Title: Describing the evolution of medication nonadherence from pretransplant until 3 years post-transplant and determining pretransplant medication nonadherence as risk factor for post-transplant nonadherence to immunosuppressives: the Swiss Transplant Cohort Study
Authors: De Geest, Sabina ×
Burkhalter, Hanna
Bogert, Laura
Berben, Lut
Glass, Tracy R
Denhaerynck, Kris
Psychosocial Interest Group
Swiss Transplant Cohort Study #
Issue Date: Jul-2014
Publisher: Springer International
Series Title: Transplant International vol:27 issue:7 pages:657-66
Article number: 10.1111/tri.12312
Abstract: Although medication nonadherence (MNA) is a major risk factor for poor outcomes, the evolution of MNA from pre- to 3 years post-transplant among the four major organ transplant groups remains unknown. Therefore, this study described this evolution and investigated whether pretransplant MNA predicts post-transplant immunosuppressive medication nonadherence (IMNA). Adult participants (single transplant, pretransplant and ≤1 post-transplant assessment, using medications pretransplant) in the Swiss Transplant Cohort Study (a prospective nation-wide cohort study) were included. Nonadherence, defined as any deviation from dosing schedule, was assessed using two self-report questions pretransplant and at 6, 12, 24 and 36 months post-transplant. Nonadherence patterns were modelled using generalized estimating equations. The sample included 1505 patients (average age: 52.5 years (SD: 13.1); 36.3% females; 924 renal, 274 liver, 181 lung, 126 heart). The magnitude and variability of self-reported MNA decreased significantly from pretransplant to 6 months post-transplant (OR = 0.21; 95% CI: 0.16-0.27). Post-transplant IMNA increased continuously from 6 months to 3 years post-transplant (OR = 2.75; 95% CI: 1.97-3.85). Pretransplant MNA was associated with threefold higher odds of post-transplant IMNA (OR = 3.10; 95% CI: 2.29-4.21). As pretransplant MNA predicted post-transplant IMNA and a continuous increase in post-transplant IMNA was observed, early adherence-supporting interventions are indispensible.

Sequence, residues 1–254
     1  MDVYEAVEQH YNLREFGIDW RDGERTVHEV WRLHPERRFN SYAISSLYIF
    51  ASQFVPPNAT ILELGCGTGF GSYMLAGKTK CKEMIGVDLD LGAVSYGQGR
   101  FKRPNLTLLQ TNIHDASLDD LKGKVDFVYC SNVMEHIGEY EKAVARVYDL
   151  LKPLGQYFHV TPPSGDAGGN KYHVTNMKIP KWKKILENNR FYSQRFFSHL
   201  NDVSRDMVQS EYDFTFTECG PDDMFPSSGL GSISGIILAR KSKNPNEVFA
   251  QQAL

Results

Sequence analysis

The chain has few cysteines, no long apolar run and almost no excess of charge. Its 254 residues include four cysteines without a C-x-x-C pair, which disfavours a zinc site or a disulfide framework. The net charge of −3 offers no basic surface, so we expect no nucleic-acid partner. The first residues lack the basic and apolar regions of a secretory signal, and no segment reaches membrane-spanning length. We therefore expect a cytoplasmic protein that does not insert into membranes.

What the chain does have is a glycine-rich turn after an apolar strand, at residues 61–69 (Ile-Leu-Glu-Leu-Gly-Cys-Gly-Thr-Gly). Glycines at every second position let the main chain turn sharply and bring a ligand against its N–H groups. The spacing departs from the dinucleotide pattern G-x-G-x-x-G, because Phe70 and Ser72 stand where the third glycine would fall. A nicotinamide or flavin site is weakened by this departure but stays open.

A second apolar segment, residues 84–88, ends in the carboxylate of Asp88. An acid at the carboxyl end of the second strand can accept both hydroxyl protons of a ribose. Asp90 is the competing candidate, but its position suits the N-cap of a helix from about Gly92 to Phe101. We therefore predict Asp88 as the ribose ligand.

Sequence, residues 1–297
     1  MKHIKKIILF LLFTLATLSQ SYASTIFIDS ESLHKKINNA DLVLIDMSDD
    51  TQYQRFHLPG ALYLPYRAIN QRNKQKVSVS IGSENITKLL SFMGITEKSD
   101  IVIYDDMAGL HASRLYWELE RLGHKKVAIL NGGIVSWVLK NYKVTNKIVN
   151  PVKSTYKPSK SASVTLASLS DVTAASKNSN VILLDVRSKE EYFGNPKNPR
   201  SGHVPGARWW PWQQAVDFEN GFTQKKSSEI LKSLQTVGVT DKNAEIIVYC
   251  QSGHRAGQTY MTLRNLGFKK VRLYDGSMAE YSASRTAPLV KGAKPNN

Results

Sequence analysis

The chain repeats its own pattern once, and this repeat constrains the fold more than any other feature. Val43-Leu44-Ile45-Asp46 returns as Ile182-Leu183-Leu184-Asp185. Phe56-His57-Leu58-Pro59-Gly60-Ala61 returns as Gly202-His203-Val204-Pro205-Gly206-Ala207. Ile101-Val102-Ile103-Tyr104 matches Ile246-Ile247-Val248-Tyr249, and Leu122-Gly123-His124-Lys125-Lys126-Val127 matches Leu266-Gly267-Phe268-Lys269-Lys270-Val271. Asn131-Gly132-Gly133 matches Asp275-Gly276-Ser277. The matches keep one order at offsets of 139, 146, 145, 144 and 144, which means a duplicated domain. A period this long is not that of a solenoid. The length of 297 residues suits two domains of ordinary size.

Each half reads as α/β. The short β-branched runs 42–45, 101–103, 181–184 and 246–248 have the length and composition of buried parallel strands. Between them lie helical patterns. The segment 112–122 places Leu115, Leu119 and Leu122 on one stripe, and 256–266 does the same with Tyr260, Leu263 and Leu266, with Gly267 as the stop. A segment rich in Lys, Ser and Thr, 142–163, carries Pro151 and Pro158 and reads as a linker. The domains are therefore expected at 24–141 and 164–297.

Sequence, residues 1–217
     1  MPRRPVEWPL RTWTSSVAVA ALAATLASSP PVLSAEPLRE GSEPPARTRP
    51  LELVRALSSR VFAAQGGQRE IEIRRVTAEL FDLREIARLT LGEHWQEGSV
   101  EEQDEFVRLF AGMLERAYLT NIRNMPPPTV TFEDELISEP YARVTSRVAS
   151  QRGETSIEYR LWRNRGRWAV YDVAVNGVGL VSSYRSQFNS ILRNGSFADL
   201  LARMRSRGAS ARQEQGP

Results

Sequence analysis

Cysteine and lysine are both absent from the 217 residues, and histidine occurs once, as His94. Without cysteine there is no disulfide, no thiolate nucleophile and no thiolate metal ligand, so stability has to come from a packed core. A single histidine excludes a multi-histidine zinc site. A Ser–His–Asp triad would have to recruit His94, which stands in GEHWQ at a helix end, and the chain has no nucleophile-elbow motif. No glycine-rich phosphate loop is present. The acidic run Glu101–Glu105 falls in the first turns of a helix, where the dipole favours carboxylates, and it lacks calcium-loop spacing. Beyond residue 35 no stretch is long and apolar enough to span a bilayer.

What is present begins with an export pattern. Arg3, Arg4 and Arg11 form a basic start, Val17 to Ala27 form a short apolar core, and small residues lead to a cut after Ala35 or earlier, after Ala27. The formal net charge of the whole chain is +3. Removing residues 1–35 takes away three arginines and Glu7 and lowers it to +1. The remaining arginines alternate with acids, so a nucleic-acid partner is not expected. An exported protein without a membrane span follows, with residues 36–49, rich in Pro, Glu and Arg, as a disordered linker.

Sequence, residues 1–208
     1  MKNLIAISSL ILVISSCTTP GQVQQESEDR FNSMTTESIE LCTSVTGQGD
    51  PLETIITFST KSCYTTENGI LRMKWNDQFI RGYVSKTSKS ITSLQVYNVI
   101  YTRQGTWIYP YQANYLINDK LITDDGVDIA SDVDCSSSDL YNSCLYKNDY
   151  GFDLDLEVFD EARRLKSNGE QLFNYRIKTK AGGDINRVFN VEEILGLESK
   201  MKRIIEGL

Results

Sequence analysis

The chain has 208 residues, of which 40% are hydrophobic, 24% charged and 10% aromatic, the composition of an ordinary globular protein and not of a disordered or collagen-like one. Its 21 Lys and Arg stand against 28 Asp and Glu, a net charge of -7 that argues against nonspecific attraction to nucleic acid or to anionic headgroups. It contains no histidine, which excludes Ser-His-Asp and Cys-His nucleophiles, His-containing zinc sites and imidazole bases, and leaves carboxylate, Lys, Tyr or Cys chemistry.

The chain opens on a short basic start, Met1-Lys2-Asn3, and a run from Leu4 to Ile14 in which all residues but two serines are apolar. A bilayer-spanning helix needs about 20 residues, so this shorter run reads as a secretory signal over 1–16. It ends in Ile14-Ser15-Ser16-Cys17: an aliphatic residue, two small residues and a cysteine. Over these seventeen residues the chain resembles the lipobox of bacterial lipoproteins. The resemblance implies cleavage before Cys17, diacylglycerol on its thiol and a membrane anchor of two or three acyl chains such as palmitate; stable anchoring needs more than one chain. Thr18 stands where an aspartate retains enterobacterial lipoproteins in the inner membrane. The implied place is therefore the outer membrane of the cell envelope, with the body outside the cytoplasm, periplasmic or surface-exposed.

ISSN: 0934-0874
Publication status: published
KU Leuven publication type: IT
Appears in Collections:Non-KU Leuven Association publications
× corresponding author
# (joint) last author

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